Ancient Jewish Marriage

Marriage in ancient times was a negotiated match involving an agreement on conditions, payment of a bridal price, and the groom's

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Under these conditions there was no place for the old mohar institution. Fathers no longer expected any material gain from their daughters' marriages. On the contrary, fathers often gave rich dowries to daughters as an inducement to marriageable men.

Yet the mohar institution did not pass out of existence. It was reformed intermittently in the course of this period, adapting itself to new circumstances. The first stage in this process was to make the bride's father a mere trustee of the mohar. The money was then inherited ultimately either by the husband or by his children. This reform availed little, so the husband himself was made the trustee of the money, which was employed to buy household articles.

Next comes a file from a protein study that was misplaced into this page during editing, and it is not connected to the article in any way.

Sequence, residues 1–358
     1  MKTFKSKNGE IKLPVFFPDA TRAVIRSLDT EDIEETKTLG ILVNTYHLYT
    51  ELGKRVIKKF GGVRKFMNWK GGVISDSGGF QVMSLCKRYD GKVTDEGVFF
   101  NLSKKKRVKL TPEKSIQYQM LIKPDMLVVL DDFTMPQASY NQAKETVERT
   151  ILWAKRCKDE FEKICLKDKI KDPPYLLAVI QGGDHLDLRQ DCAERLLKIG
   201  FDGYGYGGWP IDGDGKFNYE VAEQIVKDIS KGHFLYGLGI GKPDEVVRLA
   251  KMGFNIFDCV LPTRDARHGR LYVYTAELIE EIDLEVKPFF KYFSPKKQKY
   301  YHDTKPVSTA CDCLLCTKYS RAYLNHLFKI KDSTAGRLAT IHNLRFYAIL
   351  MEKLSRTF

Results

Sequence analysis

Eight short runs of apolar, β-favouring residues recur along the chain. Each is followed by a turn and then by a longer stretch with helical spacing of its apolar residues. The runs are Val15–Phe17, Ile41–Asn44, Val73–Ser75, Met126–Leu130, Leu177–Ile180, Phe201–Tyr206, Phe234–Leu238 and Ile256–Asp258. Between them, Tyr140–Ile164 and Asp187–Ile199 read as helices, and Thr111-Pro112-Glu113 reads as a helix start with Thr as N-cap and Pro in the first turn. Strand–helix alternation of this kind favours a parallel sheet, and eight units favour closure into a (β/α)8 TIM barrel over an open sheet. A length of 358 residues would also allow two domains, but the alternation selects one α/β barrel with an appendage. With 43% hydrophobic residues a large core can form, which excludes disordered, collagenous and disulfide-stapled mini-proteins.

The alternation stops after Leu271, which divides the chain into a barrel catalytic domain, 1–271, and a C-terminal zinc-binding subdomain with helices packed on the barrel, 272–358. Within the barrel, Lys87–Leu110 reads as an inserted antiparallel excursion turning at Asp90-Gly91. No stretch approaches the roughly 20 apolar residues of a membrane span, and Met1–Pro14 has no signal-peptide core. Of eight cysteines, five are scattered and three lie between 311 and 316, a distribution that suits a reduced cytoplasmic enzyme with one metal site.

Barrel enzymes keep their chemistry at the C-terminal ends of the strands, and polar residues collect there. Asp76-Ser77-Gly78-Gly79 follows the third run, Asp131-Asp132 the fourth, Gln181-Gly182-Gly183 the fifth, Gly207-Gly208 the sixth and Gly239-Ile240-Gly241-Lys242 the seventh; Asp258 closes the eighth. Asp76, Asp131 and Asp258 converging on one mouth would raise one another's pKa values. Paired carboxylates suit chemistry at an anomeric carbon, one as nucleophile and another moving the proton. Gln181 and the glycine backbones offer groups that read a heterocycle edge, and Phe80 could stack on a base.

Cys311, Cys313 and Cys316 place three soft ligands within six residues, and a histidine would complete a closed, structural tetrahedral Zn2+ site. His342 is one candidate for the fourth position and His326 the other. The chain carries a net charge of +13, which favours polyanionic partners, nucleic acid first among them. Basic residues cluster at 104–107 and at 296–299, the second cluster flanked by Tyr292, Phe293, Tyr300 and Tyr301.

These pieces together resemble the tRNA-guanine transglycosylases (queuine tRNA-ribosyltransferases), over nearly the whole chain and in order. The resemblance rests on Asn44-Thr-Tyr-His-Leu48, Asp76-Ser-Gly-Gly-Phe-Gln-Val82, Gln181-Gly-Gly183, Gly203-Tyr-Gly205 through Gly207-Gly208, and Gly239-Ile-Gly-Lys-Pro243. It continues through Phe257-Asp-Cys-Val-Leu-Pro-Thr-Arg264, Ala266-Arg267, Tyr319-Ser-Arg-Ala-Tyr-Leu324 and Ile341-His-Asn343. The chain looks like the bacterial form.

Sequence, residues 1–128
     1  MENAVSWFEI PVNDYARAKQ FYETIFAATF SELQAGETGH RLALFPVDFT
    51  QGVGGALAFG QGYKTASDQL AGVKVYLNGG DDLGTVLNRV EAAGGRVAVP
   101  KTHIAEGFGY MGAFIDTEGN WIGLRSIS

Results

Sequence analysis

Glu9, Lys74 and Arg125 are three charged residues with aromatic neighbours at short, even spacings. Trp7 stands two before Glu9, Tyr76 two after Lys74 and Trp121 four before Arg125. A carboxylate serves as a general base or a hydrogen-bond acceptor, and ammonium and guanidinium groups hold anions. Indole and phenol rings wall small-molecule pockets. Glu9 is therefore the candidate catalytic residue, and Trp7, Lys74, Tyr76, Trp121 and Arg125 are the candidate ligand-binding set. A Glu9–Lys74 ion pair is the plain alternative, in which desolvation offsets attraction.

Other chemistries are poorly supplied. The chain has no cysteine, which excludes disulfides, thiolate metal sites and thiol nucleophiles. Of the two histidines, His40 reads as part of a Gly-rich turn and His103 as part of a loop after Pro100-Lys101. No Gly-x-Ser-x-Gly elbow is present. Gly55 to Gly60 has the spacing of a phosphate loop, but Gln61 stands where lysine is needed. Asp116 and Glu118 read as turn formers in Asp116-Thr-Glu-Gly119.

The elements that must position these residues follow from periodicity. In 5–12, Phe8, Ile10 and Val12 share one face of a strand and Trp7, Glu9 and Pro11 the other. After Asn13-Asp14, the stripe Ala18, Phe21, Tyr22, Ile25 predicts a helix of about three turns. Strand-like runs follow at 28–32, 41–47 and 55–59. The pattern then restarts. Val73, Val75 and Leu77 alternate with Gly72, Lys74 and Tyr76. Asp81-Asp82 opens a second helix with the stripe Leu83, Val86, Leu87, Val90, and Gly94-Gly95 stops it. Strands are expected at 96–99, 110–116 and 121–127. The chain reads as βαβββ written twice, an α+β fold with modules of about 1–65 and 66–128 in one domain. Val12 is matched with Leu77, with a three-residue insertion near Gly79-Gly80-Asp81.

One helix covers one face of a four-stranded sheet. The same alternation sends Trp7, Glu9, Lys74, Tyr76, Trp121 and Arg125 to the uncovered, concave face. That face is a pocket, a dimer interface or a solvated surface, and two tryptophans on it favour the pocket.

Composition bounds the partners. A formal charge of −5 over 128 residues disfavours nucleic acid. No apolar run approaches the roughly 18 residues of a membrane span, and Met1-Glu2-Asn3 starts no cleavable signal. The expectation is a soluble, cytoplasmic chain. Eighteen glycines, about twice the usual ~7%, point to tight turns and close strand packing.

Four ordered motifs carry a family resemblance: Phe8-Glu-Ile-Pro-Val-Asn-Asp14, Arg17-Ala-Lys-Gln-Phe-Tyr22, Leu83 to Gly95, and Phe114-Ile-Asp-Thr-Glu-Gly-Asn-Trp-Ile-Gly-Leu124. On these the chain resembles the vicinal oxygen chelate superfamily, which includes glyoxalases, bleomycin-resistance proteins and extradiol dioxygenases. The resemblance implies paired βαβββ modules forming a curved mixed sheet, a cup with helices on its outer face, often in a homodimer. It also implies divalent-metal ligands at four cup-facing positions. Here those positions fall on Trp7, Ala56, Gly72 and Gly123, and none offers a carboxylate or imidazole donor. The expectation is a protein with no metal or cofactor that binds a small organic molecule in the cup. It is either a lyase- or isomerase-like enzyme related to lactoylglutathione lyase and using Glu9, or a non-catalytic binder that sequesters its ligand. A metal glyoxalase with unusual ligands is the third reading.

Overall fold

The last step in the reform of the mohar institution was made by Simeon ben Shatach, head of the Pharisees, who were the ruling party in the state during the reign of the Maccabean queen, Salome Alexandra (76-67 B.C.E.). He declared that the mohar, which was ordinarily 200 silver dinars (50 shekels) for a girl, and 100 for a widow, should merely be written in the ketubah, the marriage deed, as a lien of the wife on the estate of her husband, to be paid to her only if he divorced her, or at his death!

This reform served two humane purposes. It made marriage easier, and divorce more difficult. A man did not need 200 dinars in cash in order to marry a girl, but he needed this amount if he wanted to divorce her. The ketubah thus protected the woman from being arbitrarily divorced by her husband.

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Hayyim Schauss taught for more than twenty-five years at the Jewish Teachers Seminary in New York and at the College of Jewish Studies and the University of Judaism in Los Angeles. He was the author of many books and articles on the Jewish religion and its customs, ceremonies and folklore.